REPORT: WGA GOT COPIES OF SUSPECTED SCAB'S EMAIL

In looking into allegations that one of its members was scabbing during last year's strike, the Writers Guild of America received copies of the member's email that were illegally obtained by an informant, the Los Angeles Times reported today (Wednesday). Jonathan Prince, a WGA member for 20 years, told the newspaper that he believes he was singled out because of his opposition to the union's leadership. He claimed that he was unaware that his email had been accessed without authorization until a few days before his trial when the WGA presented some of the evidence against him to his attorney. "Someone without my permission continually invaded my personal and private e-mails, forwarded them to the guild as a smoking gun, and the guild never once alerted me," Prince said. Asked during the trial why Prince was not informed that his email was being intercepted, WGA board member Dan Wilcox replied that he had no obligation to do so, inasmuch as the "activity that was being alleged is the kind that would be concealed anyway. And if someone was in a position to share the information on it with us, even if that meant getting what was meant to be a private transmission, I thought it was appropriate for us to see it." Prince was later cleared of wrongdoing.

CBS LOOKS DOWN AGAIN ON ITS RIVALS

CBS continued to dominate the ratings last week among both overall households and younger viewers, with its NCIS holding the top spot for the fourth week in a row and the spin-off, NCIS: Los Angeles scoring the best ratings for a new show for a fourth time. According to Nielsen Media Research, it was the first time that a network has had the same No. 1 show and No. 1 new show for each of the first four weeks of the season since 1998 when NBC did so with E.R. and Jesse. A handful of other new series also showed promise, particularly ABC's Modern Family and Cougar Town and NBC's Mercy. For the week, CBS averaged a 7.5 rating and a 12 share. ABC placed second with a 5.8/10. Fox was third with a 4.8/8, while NBC trailed with a 4.7/8. Among the nightly newscasts, NBC Nightly News with Brian Williams widened its lead against ABC World News with Charles Gibson by a count of 8.8 million viewers to 7.7 million. CBS Evening News with Katie Couric remained far behind with 5.2 million. Meanwhile, Sports Business Daily reported Tuesday that ratings for post-season baseball on cable and broadcast TV are up 13 percent from last year.

The top ten shows of the week according to Nielsen Research:

1. NCIS, CBS, 12.9/20; 2. Sunday Night Football, NBC, 10.9/17; 3. Dancing with the Stars, ABC, 10.8/16; 4. CSI: Crime Scene Investigation, CBS, 9.7/15; 4. (Tie) The Mentalist, CBS, 9.7/16; 4. (Tie) NCIS: Los Angeles, CBS, 9.7/15; 7. 60 Minutes, CBS, 9.2/14; 8. Dancing with the Stars Results, ABC, 9.1/14; 9. Grey's Anatomy, ABC, 8.9/14; 10. CSI: NY, CBS, 8.8/15.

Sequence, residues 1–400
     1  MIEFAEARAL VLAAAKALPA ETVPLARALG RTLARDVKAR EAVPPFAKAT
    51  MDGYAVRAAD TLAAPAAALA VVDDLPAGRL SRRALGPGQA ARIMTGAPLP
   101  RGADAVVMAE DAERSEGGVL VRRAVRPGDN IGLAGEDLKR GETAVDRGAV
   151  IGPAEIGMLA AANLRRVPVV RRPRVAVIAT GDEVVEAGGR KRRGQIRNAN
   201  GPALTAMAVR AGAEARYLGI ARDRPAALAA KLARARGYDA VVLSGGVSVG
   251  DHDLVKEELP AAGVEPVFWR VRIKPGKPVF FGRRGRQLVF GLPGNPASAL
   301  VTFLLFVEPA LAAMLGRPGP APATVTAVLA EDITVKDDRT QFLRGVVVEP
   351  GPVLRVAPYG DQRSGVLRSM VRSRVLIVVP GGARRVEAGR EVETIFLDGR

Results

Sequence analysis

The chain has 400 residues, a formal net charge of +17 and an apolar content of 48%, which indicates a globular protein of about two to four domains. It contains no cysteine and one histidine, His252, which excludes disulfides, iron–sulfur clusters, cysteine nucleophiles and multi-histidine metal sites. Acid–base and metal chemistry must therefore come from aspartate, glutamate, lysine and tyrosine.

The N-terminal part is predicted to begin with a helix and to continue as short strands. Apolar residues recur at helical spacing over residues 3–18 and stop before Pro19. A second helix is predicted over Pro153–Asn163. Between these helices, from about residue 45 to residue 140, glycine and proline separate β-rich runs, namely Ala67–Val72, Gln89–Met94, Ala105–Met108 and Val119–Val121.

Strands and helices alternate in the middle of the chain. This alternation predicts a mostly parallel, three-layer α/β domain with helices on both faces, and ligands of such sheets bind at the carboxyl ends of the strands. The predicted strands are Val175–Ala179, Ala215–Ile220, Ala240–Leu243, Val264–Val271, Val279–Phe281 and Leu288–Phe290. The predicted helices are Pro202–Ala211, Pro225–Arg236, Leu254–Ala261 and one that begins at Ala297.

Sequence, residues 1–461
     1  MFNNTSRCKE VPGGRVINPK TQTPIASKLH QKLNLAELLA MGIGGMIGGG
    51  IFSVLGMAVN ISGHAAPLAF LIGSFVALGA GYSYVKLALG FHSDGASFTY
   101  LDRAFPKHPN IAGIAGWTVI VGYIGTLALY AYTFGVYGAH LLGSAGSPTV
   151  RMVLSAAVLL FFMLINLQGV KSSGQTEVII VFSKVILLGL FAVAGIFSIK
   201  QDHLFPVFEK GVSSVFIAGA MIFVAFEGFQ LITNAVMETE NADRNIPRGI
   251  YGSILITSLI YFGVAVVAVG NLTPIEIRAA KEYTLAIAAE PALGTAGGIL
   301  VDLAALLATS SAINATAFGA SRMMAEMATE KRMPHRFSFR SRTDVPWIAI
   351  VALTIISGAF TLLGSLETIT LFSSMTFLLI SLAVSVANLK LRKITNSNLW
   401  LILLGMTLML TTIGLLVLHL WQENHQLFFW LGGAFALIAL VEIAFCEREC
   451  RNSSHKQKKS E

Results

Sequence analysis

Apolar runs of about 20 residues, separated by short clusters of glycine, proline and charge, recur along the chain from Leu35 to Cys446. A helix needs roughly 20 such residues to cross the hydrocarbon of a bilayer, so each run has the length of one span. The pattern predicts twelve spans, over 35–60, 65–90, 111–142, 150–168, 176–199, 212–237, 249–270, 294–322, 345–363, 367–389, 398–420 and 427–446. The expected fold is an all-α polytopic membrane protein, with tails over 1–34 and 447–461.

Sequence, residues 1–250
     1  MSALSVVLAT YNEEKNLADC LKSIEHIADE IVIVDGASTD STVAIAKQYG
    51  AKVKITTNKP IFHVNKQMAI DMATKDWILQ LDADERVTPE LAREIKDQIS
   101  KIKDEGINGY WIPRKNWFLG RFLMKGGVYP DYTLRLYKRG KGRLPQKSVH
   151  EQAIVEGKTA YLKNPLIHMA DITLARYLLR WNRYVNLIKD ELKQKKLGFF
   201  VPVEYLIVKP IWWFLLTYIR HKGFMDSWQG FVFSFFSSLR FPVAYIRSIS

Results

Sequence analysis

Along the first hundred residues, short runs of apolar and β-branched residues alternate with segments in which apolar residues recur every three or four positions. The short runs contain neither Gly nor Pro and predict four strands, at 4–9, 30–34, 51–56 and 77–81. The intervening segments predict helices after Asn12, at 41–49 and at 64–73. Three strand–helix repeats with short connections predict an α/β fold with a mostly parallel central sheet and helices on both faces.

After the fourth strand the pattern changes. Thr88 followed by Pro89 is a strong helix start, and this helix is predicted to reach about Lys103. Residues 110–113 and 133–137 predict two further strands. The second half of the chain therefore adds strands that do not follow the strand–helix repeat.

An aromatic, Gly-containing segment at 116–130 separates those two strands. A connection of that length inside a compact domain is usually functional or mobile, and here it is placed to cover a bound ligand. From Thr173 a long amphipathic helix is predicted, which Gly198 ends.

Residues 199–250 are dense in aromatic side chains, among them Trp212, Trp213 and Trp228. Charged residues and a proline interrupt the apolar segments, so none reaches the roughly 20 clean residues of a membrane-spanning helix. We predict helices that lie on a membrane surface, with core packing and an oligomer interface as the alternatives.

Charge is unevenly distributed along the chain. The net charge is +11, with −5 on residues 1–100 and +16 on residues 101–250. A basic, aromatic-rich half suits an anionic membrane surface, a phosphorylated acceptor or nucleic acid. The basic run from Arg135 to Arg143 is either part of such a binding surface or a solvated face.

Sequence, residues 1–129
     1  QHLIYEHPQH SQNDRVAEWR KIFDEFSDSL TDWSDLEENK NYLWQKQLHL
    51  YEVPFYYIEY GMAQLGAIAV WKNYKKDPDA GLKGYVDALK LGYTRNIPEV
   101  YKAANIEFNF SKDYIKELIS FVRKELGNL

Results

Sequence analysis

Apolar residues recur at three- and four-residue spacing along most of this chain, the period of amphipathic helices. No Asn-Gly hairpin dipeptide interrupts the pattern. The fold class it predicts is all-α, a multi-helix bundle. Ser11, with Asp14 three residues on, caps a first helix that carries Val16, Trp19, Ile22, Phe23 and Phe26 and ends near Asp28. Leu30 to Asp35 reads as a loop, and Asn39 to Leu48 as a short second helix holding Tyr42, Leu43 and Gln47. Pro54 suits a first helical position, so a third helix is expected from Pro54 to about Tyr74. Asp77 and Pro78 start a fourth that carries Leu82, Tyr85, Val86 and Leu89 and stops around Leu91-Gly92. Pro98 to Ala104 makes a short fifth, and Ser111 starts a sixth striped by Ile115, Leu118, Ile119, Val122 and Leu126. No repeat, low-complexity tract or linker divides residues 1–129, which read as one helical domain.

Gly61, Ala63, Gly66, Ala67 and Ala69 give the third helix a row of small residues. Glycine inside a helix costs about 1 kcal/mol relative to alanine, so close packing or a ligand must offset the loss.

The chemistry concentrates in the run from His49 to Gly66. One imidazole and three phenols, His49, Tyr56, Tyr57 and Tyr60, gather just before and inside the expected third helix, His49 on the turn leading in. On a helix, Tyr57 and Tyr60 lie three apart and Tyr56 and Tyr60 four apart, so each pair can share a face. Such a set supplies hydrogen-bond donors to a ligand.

OPRAH LANDS PALIN FOR "WORLD EXCLUSIVE INTERVIEW"

No doubt aware of Oprah Winfrey's influence when it comes to book sales, former Alaska governor and vice-presidential candidate Sarah Palin has agreed to give Winfrey a "world exclusive interview" on Nov. 16, a day before the official publication of her memoir Going Rogue: An American Life. Palin's decision was all the more stunning given the fact that last year she turned down an invitation by Winfrey, who had supported Barack Obama during the election campaign. Although many critics had predicted that Winfrey's ratings would take a hit because of her political stand, they are actually up 15 percent from the same period last year -- to 7.4 million viewers. By contrast, NBC's Today show averages about 5.1 million viewers, while ABC's Good Morning America averages about 3.7 million.

GE CHIEF INDICATES HE'S NOT ANXIOUS TO PART WITH NBC

GE CEO Jeffrey Immelt has let it be known that he's in no big hurry to make a deal that would hand off a controlling stake in NBC Universal to Comcast. Without referring directly to the ongoing negotiations with the cable-TV operator, Immelt told a San Francisco industry conference on Tuesday that he was "totally OK" with holding on to NBC Universal. "I like NBC-U," he said. "We've run it a long time. Financially the business is running in line with its peers." He suggested that any deal to sell off control of the broadcast and movie company would not be motivated by a need for cash but to energize NBC, which has languished in the ratings. Earlier in the day Comcast chief Brian Roberts sidestepped a question about the NBC-U negotiations. "If there's an opportunity, whether it's the one you are talking about or other, our philosophy is it's prudent to think about it, look at it, and beyond that we have to just wait and see," Roberts said.

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